Along the circumpolar pathway two regions have been identified as principal formation sites of SAMW: the southeast Indian (80°–130°E) and southeast Pacific (120°–70°W) sectors of the Southern Ocean (e.g., McCartney 1982; Talley 1999; Hanawa and Talley 2001; Sloyan and Rintoul 2001; Dong et al. 2008; Sallée et al. 2010). At these sites, winter mixed layer depths (MLDs) of greater than 500 m have been observed. In the southeast Pacific, SAMW and AAIW have similar salinity and temperature characteristics, and this property overlap has led to the suggestion that AAIW is the densest variety of SAMW (McCartney 1977).

Numerous processes, based on observational and modeling studies, have been postulated to influence the formation rate and properties of SAMW and AAIW (McCartney 1982; Ribbe and Tomczak 1997; Marsh et al. 2000; Sloyan and Rintoul 2001; Karsten and Marshall 2002; Rintoul and England 2002; Sallée et al. 2006). These processes include convection driven by air–sea fluxes, Ekman transport across the SAF, eddy (lateral) and turbulent (vertical) mixing across the SAF, and mixing within and at the base of the mixed layer. Although ideas abound about the mechanisms involved in the formation of SAMW and AAIW, we are only now beginning to build a climatology of the seasonal evolution of SAMW and AAIW properties via the Argo program and dedicated hydrographic process studies. Observations (and continuation of the observational programs) are vital in our endeavor to qualify and assess the relative importance of all of the processes along the circumpolar pathway involved in the formation of these water masses.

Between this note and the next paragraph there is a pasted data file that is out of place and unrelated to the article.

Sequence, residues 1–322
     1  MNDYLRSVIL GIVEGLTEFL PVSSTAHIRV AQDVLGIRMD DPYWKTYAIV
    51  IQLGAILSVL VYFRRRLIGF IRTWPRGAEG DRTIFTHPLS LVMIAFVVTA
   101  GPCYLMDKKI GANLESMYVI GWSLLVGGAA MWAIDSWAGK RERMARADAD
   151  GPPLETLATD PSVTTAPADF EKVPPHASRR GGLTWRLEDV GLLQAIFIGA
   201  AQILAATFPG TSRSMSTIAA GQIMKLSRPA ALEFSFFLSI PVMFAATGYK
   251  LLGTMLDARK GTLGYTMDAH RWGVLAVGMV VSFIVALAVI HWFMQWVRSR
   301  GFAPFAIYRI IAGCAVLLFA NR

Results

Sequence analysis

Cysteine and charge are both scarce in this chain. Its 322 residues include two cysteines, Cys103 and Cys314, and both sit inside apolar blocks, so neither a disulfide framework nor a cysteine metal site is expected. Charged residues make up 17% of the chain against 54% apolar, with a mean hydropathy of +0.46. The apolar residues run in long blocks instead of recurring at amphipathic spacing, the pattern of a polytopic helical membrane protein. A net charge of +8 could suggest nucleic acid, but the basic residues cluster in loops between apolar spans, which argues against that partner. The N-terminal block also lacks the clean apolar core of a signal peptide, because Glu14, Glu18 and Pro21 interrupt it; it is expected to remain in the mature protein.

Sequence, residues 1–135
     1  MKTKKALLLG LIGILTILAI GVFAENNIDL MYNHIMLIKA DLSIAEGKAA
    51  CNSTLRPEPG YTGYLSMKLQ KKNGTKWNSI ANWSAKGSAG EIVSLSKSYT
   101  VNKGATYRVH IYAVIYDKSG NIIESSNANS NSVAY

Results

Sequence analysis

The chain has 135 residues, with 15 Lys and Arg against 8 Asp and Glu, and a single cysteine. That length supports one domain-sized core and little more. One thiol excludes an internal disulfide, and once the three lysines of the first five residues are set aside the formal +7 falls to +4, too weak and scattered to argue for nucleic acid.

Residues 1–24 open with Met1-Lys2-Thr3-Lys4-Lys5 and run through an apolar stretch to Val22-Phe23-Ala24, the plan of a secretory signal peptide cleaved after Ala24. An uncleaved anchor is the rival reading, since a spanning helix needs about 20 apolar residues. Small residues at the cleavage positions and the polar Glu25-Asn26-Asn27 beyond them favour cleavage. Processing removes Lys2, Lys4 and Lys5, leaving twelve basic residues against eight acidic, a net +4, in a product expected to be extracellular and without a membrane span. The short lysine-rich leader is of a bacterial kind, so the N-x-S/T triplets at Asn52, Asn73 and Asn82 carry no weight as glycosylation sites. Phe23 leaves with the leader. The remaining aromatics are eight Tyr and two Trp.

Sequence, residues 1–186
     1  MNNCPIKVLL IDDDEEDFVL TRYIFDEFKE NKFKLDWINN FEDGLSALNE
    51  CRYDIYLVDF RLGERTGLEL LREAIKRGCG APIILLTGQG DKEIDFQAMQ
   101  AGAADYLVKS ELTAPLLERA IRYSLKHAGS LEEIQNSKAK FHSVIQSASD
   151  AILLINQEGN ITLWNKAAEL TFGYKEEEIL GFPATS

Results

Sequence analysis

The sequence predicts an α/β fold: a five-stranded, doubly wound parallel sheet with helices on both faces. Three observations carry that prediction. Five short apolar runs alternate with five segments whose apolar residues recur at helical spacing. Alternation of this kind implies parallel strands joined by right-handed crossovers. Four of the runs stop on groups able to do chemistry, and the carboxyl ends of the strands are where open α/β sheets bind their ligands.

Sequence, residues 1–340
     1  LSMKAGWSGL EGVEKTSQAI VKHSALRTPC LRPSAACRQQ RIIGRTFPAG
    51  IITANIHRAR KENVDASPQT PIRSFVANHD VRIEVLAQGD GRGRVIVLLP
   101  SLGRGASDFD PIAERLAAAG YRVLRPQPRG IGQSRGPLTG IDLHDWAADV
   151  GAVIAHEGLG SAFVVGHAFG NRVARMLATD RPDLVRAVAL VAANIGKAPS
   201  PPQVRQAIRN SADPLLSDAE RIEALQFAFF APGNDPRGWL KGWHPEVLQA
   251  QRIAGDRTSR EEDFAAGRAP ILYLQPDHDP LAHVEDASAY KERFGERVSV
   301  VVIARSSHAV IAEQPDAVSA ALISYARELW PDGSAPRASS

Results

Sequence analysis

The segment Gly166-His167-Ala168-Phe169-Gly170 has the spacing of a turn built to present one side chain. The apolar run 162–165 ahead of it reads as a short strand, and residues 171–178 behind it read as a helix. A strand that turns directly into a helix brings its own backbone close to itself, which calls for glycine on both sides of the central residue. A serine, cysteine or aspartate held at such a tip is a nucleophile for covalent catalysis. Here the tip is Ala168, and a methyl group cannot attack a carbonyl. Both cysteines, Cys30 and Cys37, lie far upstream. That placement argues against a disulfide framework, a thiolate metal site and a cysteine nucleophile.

In the 2005 austral winter (August–October) and 2006 austral summer (January–March), two hydrographic surveys in the southeast Pacific sector of the Southern Ocean by the R/V Knorr were completed as a first step to characterize the formation processes of SAMW and AAIW and the seasonal upper-ocean restratification (Fig. 1). These surveys included the contemporaneous collection of conductivity–temperature–depth and oxygen (CTD/O2), nutrient, shipboard acoustic Doppler current profiler (SADCP), lowered ADCP (LADCP), expendable CTD (XCTD), underway meteorological, and carbon and chlorofluorocarbon (CFC) data. All observations, except for carbon and CFC data, were collected during both surveys.

Fig. 1.

Distribution of CTD and XCTD stations for the 2005 austral winter survey. A similar survey track was completed in 2006 austral summer. Hydrographic stations are grouped into three distinct dynamical regions: SAF and PF frontal (black), winter deep mixed layer (red), and subduction (blue). Also shown is Archiving, Validation, and Interpretation of Satellite Oceanographic data (AVISO) dynamic topography field (color, cm) averaged for the survey period and mean position of SAF (black) and PF (gray) from Orsi et al. (1995).